A Nigerian journalist, Augustina Armstrong-Ogbonna, has been awarded the United Nations Foundation Gold Prize for Development and Humanitarian Reporting.
Armstrong-Ogbonna, a freelance journalist with Radio Nigeria (Radio One), won the Gold medal for her reportage on neglected coastal communities along the Lagos coastline that are bearing the drastic impact of sea rise as well as threats of displacement.
She was awarded the United Nations Foundation Gold Prize for print (including online media) and broadcast media (TV & Radio) for Development and Humanitarian Reporting.
The award/gold medal was presented to her by the Secretary General of the United Nations, Mr Ban Ki-Moon, on Monday in New York at the 20th United Nations Correspondents Association (UNCA) Annual Awards for the best print, broadcast (TV & Radio) and online, web-based media coverage of the United Nations, U.N. agencies and field operations.
The prize was awarded for her report on how climate change and rapid urbanisation are affecting coastal communities such as Okun Alfa, Otodo-Gbame in Lagos with extinction and eviction respectively.
According to the UNCA, “Augustina Armstrong-Ogbonna braves dangers to report on Nigeria’s coastal communities ravaged by conflict and degrading environment that affect development and human lives.”
With almost 10 years of experience as a multimedia and environmental journalist, Armstrong-Ogbonna has focused her reportage on neglected communities across Nigeria such as Okun Alfa and Otodo-Gbame in Eti-Osa Local Government Area, Sagbo Kodji Island and Makoko in Lagos State. Sagbo Kodji, for example, has never had power supply despite being located on an island that overlooks high rise of commercial Lagos Island as well as the Apapa sea port.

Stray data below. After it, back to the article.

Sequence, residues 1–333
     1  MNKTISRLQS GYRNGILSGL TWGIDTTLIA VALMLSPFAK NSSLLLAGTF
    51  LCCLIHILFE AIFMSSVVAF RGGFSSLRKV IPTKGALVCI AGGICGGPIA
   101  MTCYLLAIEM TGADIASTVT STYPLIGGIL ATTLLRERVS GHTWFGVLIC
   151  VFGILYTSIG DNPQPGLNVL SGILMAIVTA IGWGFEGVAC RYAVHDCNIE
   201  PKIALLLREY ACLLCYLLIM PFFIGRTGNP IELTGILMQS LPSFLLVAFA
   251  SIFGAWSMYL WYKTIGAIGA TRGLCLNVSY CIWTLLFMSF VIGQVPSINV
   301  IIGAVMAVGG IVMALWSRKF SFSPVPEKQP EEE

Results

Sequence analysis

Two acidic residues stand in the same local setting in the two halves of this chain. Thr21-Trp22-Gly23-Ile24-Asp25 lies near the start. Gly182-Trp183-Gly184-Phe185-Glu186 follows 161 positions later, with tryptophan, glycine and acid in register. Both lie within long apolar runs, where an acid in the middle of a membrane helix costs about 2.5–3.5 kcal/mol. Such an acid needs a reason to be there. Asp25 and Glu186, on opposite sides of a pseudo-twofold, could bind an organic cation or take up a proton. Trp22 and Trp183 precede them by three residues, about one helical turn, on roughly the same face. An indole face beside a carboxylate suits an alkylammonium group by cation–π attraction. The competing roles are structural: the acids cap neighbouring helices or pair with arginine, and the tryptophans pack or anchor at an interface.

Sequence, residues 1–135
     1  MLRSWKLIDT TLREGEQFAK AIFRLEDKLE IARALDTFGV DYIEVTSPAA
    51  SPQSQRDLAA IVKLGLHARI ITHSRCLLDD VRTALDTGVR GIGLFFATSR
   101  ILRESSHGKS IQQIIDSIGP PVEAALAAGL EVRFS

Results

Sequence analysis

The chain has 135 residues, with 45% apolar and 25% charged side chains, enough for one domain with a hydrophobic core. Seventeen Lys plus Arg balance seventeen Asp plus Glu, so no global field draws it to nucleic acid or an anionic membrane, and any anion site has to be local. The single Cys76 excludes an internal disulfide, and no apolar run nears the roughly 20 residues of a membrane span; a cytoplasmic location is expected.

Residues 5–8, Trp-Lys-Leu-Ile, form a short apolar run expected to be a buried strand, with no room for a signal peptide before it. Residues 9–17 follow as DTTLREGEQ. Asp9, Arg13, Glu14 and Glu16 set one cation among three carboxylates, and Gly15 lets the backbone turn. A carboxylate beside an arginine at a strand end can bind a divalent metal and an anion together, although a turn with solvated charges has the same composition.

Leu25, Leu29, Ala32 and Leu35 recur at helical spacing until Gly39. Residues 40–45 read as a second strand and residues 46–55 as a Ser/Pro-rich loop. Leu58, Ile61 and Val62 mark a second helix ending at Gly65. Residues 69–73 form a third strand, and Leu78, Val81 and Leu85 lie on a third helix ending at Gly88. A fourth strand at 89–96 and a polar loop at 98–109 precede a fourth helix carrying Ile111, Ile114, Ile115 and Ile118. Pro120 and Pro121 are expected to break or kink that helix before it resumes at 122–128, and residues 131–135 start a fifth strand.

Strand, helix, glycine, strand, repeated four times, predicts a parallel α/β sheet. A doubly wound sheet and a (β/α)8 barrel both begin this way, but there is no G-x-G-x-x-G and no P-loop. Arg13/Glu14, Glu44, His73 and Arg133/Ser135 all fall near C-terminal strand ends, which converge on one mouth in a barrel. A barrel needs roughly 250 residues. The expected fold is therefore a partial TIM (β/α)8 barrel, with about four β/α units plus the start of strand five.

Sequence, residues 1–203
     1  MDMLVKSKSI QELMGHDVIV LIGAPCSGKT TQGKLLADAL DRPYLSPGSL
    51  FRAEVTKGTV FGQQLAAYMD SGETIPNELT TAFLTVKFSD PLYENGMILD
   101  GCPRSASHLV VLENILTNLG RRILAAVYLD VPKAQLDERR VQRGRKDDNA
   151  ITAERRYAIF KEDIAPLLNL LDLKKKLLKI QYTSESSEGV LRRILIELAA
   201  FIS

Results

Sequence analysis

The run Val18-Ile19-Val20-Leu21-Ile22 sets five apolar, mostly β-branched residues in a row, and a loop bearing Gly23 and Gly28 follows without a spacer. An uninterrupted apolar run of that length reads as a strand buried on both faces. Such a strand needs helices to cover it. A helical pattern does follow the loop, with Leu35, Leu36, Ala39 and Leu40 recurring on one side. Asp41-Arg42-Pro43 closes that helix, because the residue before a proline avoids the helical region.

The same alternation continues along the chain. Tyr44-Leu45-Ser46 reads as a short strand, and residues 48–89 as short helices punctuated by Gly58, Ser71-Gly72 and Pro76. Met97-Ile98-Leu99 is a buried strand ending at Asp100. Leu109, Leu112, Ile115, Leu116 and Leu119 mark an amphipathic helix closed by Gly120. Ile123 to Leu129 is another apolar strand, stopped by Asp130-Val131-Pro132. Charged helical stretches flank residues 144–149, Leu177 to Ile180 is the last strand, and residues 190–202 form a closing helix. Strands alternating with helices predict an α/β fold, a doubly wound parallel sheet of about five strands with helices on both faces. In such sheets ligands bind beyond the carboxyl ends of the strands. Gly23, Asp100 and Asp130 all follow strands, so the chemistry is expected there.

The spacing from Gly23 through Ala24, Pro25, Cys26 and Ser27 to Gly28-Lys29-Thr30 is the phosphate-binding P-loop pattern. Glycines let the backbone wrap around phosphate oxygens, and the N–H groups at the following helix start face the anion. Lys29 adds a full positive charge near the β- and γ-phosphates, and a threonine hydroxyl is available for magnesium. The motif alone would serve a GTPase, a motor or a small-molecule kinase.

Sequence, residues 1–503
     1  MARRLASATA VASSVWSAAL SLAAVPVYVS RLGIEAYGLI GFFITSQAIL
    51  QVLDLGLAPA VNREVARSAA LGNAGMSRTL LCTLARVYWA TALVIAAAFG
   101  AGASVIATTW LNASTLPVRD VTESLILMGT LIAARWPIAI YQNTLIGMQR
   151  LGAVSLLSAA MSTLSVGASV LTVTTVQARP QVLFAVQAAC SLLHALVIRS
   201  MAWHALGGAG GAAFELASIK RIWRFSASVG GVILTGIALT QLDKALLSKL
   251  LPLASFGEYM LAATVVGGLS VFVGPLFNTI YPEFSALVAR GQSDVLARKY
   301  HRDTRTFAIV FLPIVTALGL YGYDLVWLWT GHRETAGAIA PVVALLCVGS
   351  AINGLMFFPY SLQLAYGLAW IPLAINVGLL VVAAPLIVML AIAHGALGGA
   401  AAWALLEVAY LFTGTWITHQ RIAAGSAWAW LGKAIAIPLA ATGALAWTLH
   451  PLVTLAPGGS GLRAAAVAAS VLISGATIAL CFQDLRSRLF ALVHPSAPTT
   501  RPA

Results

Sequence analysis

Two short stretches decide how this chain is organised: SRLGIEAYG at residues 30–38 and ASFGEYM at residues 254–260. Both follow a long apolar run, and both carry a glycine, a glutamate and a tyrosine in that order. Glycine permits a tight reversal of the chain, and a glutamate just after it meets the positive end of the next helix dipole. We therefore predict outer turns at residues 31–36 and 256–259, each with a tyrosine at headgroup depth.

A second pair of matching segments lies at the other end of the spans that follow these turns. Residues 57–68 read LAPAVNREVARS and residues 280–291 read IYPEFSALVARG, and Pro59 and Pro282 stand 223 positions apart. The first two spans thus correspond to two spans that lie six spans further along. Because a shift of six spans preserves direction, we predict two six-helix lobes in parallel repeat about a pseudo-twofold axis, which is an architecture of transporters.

The report was picked online by a renewable energy company owned by two young Nigerians, whose company approached the community and provided solar power panels and battery to some homes and ventures on the island, thereby lighting up the community for the first time in over a century of its existence.
Reacting to the prize, Armstrong-Ogbonna said: “I am completely humbled by this recognition from the United Nations. It is a major encouragement for me to persist with impacting journalism that affects the common man and development of the environment. I am most obliged for this.”
Until recently, Tina produced and presented a weekly environmental programme on community development called Community Diary on Radio One 103.5 FM in Lagos. She has also produced content for REUTERS, CNN, German Information Center GIC and EnviroNews Nigeria.